12. Linda Lobao & Ron Martin & Andrés Rodríguez-Pose, 2009. "Editorial: Rescaling the state: new modes of institutional--territorial organization," Cambridge Journal of Regions, Economy and Society, Cambridge Political Economy Society, vol. 2(1), pages 3-12.
  13. John Tomaney, 2000. "End of the Empire State? New Labour and Devolution in the United Kingdom," International Journal of Urban and Regional Research, Wiley Blackwell, vol. 24(3), pages 675-688, 09.
  14. Gary Woller & Kerk Phillips, 1998. "Fiscal decentralisation and IDC economic growth: An empirical investigation," Journal of Development Studies, Taylor & Francis Journals, vol. 34(4), pages 139-148.
  15. Chakravarty, Satya R & Majumder, Amita, 2001. "Inequality, Polarisation and Welfare: Theory and Applications," Australian Economic Papers, Wiley Blackwell, vol. 40(1), pages 1-13, March.
  16. Torrisi, Gianpiero & Pike, Andy & Tomaney, John & Tselios, Vassilis, 2011. "Defining and measuring decentralisation: a critical review," MPRA Paper 51441, University Library of Munich, Germany.
  17. Juan Antonio Duro, 2005. "International income polarization: a note," Applied Economics Letters, Taylor & Francis Journals, vol. 12(12), pages 759-762.
  18. Wang, You-Qiang & Tsui, Kai-Yuen, 2000. " Polarization Orderings and New Classes of Polarization Indices," Journal of Public Economic Theory, Association for Public Economic Theory, vol. 2(3), pages 349-63.
  19. Davidson, Russell & MacKinnon, James G., 1993. "Estimation and Inference in Econometrics," OUP Catalogue, Oxford University Press, number 9780195060119.
  20. Roberto Ezcurra, 2009. "Does Income Polarization Affect Economic Growth? The Case of the European Regions," Regional Studies, Taylor & Francis Journals, vol. 43(2), pages 267-285.
  21. Wallace E. Oates, 1999. "An Essay on Fiscal Federalism," Journal of Economic Literature, American Economic Association, vol. 37(3), pages 1120-1149, September.
  22. Andrés Rodríguez-Pose & Ugo Fratesi, 2006. "Regional business cycles and the emergence of sheltered economies in the southern periphery of Europe," Bruges European Economic Research Papers 7, European Economic Studies Department, College of Europe.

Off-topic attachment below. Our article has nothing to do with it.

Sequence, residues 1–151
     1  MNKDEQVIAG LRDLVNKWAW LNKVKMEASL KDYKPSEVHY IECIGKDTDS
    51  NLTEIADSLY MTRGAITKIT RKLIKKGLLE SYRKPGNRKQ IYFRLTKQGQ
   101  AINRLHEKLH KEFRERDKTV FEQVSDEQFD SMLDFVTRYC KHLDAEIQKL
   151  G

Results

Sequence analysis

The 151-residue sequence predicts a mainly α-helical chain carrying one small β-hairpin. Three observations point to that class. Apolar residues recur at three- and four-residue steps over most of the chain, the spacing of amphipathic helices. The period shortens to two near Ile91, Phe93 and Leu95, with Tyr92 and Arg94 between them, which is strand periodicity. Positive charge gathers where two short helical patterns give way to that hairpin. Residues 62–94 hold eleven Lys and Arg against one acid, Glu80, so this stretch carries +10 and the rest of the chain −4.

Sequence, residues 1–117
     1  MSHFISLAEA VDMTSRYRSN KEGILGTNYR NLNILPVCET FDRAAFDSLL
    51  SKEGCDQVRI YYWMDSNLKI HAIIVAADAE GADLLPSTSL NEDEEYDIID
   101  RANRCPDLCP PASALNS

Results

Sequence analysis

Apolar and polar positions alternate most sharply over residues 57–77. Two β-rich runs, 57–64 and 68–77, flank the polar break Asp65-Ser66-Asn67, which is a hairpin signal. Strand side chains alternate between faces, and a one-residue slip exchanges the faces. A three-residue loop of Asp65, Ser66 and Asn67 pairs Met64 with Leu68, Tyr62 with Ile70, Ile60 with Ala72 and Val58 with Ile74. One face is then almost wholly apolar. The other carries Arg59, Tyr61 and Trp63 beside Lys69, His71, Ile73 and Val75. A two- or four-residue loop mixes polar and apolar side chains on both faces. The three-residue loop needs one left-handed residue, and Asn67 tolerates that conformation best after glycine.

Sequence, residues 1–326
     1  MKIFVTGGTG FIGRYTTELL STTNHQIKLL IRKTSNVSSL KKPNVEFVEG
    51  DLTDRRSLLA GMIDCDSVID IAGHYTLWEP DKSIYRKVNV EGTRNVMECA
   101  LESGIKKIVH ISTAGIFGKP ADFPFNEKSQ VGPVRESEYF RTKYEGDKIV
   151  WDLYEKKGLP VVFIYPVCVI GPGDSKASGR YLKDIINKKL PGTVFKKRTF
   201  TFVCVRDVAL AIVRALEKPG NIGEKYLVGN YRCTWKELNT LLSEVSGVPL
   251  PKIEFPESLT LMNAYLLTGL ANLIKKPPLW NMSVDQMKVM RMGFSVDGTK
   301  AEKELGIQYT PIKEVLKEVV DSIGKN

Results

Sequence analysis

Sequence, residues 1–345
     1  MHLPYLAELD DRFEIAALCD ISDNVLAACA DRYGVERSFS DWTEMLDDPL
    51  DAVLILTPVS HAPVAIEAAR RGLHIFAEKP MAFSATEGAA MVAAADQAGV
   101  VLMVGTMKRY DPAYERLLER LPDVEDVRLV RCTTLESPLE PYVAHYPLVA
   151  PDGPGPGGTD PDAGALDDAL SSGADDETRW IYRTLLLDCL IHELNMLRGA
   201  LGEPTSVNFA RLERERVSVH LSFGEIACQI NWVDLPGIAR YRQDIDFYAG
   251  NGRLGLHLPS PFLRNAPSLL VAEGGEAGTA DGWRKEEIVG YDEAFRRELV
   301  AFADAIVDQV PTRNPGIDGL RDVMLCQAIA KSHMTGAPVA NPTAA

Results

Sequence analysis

23. Kaldor, Nicholas, 1970. "The Case for Regional Policies," Scottish Journal of Political Economy, Scottish Economic Society, vol. 17(3), pages 337-48, November.
  24. Krugman, Paul, 1991. "Increasing Returns and Economic Geography," Journal of Political Economy, University of Chicago Press, vol. 99(3), pages 483-99, June.
  25. Andr�s Rodr�guez-Pose & Nicholas Gill, 2004. "Is there a global link between regional disparities and devolution?," Environment and Planning A, Pion Ltd, London, vol. 36(12), pages 2097-2117, December.
  26. Colin Wren, 2005. "Regional grants: are they worth it?," Fiscal Studies, Institute for Fiscal Studies, vol. 26(2), pages 245-275, June.
  27. Andrés Rodríguez-Pose & Montserrat Vilalta-Bufí, 2005. "Education, migration, and job satisfaction: the regional returns of human capital in the EU," Journal of Economic Geography, Oxford University Press, vol. 5(5), pages 545-566, October.
  28. Mark Goodwin & Martin Jones & Rhys Jones & Kevin Pett & Glenn Simpson, 2002. "Devolution and Economic Governance in the UK: Uneven Geographies, Uneven Capacities?," Local Economy, Taylor and Francis Journals, vol. 17(3), pages 200-215, August.
  29. Stephen FOTHER Gill, 2005. "A new regional policy for Britain," Regional Studies, Taylor & Francis Journals, vol. 39(5), pages 659-667.
  30. Peter Mcgregor & Kim Swales, 2005. "Economics of devolution/decentralization in the UK: Some questions and answers," Regional Studies, Taylor & Francis Journals, vol. 39(4), pages 477-494.
  31. Akai, Nobuo & Sakata, Masayo, 2002. "Fiscal decentralization contributes to economic growth: evidence from state-level cross-section data for the United States," Journal of Urban Economics, Elsevier, vol. 52(1), pages 93-108, July.
Full references (including those not matched with items on IDEAS)

This item is not listed on Wikipedia, on a reading list or among the top items on IDEAS.

When requesting a correction, please mention this item's handle: RePEc:imd:wpaper:wp2011-18. See general information about how to correct material in RePEc.

For technical questions regarding this item, or to correct its authors, title, abstract, bibliographic or download information, contact: (IMDEA RePEc Maintainer)

If you have authored this item and are not yet registered with RePEc, we encourage you to do it here. This allows to link your profile to this item. It also allows you to accept potential citations to this item that we are uncertain about.

If references are entirely missing, you can add them using this form.

If the full references list an item that is present in RePEc, but the system did not link to it, you can help with this form.

If you know of missing items citing this one, you can help us creating those links by adding the relevant references in the same way as above, for each refering item. If you are a registered author of this item, you may also want to check the "citations" tab in your profile, as there may be some citations waiting for confirmation.

Please note that corrections may take a couple of weeks to filter through the various RePEc services.

This information is provided to you by IDEAS at the Research Division of the Federal Reserve Bank of St. Louis using RePEc data.